Google's Embedding Projector web applications will give developers a way to visualize how well their machine learning systems are interpreting data.
Google has open sourced its Embedding Projector, a web application that gives developers a way to visualize data that's being used to train their machine learning systems.
Embedding Projector is part of TensorFlow, the machine learning technology behind some popular Google services like image search, Smart Reply in Inbox and Google Translate. The company released
TensorFlow to the open source community last year in order to spur more development activity in the field.
In a technical paper, Google researchers described the Embedding Projector as an interactive visualization tool that developers can use to interpret machine-learning models that rely on what are known as "embeddings."
“With the widespread adoption of ML systems, it is increasingly important for research scientists to be able to explore how the data is being interpreted by the models,” Google engineer Daniel Smilkov said
in Google’s open source blog.
Embeddings are basically mathematical vector representations of different facets of data like images, words and numerals. It is way to translate data into a format that machine- learning algorithms can process.
For example, in order to train a machine-learning model to predict the meaning of text, developers might create a word embedding comprised of a large collection of words, each represented by a numerical value in 3D space and in close proximity to words with contextual similarity.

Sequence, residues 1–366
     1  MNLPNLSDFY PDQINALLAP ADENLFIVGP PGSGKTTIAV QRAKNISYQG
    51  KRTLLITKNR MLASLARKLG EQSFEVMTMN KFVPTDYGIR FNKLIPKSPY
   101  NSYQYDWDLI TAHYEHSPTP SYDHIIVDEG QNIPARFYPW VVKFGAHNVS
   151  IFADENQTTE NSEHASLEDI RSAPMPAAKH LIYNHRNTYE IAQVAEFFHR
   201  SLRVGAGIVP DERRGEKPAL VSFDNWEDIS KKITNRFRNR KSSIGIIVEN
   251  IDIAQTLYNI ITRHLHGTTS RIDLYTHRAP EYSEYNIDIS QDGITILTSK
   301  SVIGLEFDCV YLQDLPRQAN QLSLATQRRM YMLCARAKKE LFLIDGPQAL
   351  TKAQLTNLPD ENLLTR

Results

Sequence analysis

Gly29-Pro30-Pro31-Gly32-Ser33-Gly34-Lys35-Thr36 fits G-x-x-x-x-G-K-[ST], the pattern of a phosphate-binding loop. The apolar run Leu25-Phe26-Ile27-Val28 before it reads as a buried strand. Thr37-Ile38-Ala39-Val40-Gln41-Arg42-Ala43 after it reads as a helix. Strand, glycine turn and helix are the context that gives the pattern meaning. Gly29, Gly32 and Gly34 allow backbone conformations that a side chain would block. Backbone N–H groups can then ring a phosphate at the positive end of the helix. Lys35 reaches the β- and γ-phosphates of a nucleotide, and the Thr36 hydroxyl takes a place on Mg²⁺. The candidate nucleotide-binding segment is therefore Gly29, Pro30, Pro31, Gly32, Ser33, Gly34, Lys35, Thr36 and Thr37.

“Machine learning researchers and developers often need to explore the properties of a specific embedding to understand the behavior of their model,” Google researchers explained in a recent technical paper
“An engineer who creates an embedding of songs for a recommendation system might want to verify that the nearest neighbors of 70's era rock band Led Zeppelin's "Stairway to Heaven" include "Whole Lotta Love" and not "Let It Go" from Frozen”.
An efficient way to do this type of analysis, according to the researchers is to visualize embeddings, using a tool like Embedding Projector. The tool allows developers to navigate through 3D and 2D views of their data to see how well their machine learning algorithms are doing at interpreting it.
Embedding Projector gives developers three different ways of enabling 3D and 2D views of a data set. The tools allows developers to explore data for the most influential data elements and make sure than an embedding preserves the original meaning of the data, according to Google.
With this week’s announcement Embedding Projector is now available to anyone as a standalone web application or integrated into the TensorFlow platform.
Users can upload their own data into the tool or explore its capabilities by using sample datasets provided by Google. The goal is to give the research community and developers a way to explore machine-learning applications and to refine them. It will also give developers a way to better understand how machine-learning algorithms interpret data sets, the researchers said.